Science Fiction Model Kits

We stock a large range of movie and TV science fiction model kits.

Prices are in Australian Dollars ($AU).  Go to the Universal Currency Converter to check the exchange rate to your local currency.

Click below for:

General Information on kits
Polar Lights products
Comet Miniatures
Current Kit Specials
 

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General Kit Information

Resin Kits

Many of the kits in our catalogue are "resin". What is it? Resin starts off as a two-part plastic material which can be cast into any shape. Once cast and set, it's a reasonably strong (although fairly brittle) material which can be sanded or detailed for a superb quality final appearance.

Resin kits are prone to bubbles in the material, excess material at the cast joints, and other imperfections, which may require some additional work at construction stage. There are also some safety concerns regarding breathing resin dust, so if you are sanding or cutting resin you should take reasonable safety precautions, such as wearing a dust mask and ensuring you are working in a well ventilated area.

Many resin kits are manufactured by "garage" manufacturers who use moulds which do not allow large numbers to be produced - for example, the moulds might last only a couple of hundred castings. This is the reason many resin kits have short production runs. For the same reason these kits are on the pricey side!

Vacuum Formed Plastic (vacform)

This manufacturing technique uses a mould which allows a heated styrene sheet to deform under vacuum pressure to the shape of the mould. Commonly used for large pieces which can be hollow, such as some of the UFO kits and the Comet Miniatures Robby the Robot kit in the catalogue.

The vacuum pieces generally have to be cut from the surrounding un-moulded plastic. Filling materials are commonly needed for joining two vacuum-formed pieces together, as it is difficult to cut two pieces for a perfect join.

Vinyl kits

These kits are generally very good quality, and are not difficult to assemble. Vinyl is a soft materal and deforms easily in warm to hot water, allowing re-shaping - excellent for figure kits which can be posed.

Casting detail is usually superb.

Injection Moulded Plastic

The most common manufacturing process, used almost exclusively by the larger manufacturers who can afford to make the expensive metal moulds for the liquid casting process. Manufacturing runs are usually very high, which in turns allows these kits to be sold cheaply. Easy to assemble and good for all skill levels.

White metal kits

The casting process is similar to resin, but the white metal is lead based and has a low melting point, so some good, simple models or parts for larger models can be made in white metal. Not very strong, but the parts will bend rather than break, so often used for detail parts of resin kits, where resin would be too fragile.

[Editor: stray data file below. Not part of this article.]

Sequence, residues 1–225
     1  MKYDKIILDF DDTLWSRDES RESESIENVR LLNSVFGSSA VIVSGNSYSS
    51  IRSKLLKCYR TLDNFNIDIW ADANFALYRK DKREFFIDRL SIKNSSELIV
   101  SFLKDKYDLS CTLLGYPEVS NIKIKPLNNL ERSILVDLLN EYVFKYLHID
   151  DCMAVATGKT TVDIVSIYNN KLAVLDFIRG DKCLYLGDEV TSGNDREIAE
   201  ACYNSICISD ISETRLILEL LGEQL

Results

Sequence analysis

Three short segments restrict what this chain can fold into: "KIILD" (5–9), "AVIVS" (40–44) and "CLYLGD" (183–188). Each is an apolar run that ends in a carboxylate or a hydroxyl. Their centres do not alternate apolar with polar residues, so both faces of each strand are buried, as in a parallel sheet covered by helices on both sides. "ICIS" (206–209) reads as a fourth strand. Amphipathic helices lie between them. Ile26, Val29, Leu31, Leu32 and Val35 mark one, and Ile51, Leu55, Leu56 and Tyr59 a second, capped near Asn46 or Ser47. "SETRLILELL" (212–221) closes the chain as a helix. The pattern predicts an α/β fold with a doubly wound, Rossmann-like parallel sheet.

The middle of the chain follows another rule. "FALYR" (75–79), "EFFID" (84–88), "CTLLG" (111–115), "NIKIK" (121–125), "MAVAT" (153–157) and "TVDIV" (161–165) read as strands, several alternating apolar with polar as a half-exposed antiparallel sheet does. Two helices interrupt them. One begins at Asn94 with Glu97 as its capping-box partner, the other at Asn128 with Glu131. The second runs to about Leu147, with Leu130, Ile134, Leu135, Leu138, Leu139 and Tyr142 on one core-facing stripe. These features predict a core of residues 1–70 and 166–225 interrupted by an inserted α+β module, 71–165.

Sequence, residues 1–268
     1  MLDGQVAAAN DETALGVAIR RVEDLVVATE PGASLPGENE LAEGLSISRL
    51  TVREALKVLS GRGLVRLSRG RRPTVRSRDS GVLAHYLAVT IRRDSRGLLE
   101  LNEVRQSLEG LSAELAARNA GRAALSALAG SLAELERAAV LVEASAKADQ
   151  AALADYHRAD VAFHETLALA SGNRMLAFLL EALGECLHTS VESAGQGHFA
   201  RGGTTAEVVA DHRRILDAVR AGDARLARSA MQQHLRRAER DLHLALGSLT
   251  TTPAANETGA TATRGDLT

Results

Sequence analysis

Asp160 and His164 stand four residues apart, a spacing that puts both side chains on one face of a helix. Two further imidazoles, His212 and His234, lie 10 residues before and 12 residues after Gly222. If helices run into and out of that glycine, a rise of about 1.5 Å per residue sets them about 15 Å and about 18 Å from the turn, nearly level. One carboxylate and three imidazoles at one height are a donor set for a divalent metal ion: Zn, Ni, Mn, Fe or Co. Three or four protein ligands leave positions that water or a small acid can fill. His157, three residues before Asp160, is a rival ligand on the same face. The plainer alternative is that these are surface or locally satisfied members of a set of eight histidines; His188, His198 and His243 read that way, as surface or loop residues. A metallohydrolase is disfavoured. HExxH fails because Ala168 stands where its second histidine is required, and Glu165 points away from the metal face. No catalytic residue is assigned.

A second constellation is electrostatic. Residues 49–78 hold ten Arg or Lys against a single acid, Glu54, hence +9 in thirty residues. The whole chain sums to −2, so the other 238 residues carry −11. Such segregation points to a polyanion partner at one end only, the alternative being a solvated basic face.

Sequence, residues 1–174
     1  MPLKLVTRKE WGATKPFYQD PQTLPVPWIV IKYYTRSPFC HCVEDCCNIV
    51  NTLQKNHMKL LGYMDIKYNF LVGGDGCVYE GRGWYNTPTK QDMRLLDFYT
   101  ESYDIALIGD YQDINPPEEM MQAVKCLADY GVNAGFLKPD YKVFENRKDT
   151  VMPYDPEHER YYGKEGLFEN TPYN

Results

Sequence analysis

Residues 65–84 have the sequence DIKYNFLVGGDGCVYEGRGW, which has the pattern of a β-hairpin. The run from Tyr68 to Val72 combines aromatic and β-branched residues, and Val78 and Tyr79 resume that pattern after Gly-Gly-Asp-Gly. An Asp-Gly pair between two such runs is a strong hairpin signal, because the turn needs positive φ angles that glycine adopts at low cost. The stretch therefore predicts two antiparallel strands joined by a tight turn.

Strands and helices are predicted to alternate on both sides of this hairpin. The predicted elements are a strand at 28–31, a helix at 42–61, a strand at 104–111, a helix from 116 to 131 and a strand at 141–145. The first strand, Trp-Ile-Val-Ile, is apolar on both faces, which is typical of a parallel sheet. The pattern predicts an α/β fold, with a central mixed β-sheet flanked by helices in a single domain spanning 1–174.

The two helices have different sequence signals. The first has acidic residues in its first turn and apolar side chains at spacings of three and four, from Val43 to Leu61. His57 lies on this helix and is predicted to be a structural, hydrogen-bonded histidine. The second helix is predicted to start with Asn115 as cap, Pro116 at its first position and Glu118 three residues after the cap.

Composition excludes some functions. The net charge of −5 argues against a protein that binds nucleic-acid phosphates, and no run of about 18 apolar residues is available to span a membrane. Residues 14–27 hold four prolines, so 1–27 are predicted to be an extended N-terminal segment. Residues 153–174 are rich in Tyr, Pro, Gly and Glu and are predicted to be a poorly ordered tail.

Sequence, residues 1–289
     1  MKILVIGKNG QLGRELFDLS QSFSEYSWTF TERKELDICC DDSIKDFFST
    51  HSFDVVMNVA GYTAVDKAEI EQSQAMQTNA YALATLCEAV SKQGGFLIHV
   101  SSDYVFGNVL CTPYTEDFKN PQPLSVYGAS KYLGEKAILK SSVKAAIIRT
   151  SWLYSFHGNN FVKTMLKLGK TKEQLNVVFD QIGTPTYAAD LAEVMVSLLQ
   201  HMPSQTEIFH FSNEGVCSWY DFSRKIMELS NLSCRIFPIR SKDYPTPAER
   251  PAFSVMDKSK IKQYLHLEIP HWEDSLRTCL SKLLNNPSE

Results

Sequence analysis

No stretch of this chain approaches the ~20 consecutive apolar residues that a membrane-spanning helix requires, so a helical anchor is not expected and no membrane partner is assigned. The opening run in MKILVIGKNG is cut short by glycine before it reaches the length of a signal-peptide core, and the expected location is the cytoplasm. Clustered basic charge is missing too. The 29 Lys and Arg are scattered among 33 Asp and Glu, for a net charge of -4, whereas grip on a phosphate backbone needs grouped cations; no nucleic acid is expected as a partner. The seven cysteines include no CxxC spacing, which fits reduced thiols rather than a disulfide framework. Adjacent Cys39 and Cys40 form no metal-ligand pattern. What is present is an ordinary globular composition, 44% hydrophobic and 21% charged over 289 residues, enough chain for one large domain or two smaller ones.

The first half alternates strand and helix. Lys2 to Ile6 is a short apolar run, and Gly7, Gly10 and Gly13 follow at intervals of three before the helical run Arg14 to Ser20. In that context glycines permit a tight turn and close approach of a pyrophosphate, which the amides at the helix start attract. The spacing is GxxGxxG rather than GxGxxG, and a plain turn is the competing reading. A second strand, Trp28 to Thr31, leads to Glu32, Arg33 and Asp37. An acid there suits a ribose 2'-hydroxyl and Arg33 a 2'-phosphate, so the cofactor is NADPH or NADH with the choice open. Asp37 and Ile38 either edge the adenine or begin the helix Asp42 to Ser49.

Given the lead base, obviously white metal kits and parts are not suitable for children!

None of the kits are pre-painted unless specified.

More information on kits, construction techniques and other information can be obtained from modelling magazines such as Science Fiction Modeller, Sci-Fi and Fantasy Models, and books and other general information in hobby shops or on the internet...
 

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Comet Miniatures

Comet Miniatures in London, UK,  stock and manufacture a variety of science fiction kits, many of which are in the 21st Century Paradox catalogue.  Comet's own range of kits has concentrated on UK science fiction - Blake's 7, Dr Who, Thunderbirds, together with a few SF movie and literature craft, such as War of the Worlds, 20,000 Leagues Under the Sea, Forbidden Planet, etc.

The material of Comet's kits varies from injected plastic (eg. Blake's 7 Liberator), resin (Dr Who figure kits), vac form (Robby the Robot) to white metal (the "Mini metal" range).

21st Century Paradox can import to Australia almost all the kits featured in Comet Miniatures' own catalogue - drop us a line if there's something specific you're after - we can probably help!
 
 

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Polar Lights

Polar Lights is a subcompany of Playing Mantis, set up to reproduce faithful and professional re-issues of previous Aurora kits.  They've done that, and recently they've added a number of brand new, Aurora-style kits to their line.

21st Century Paradox sells most items in the Polar Lights range.

For more information on existing and forthcoming releases, check out the Polar Lights website.
 
 
 

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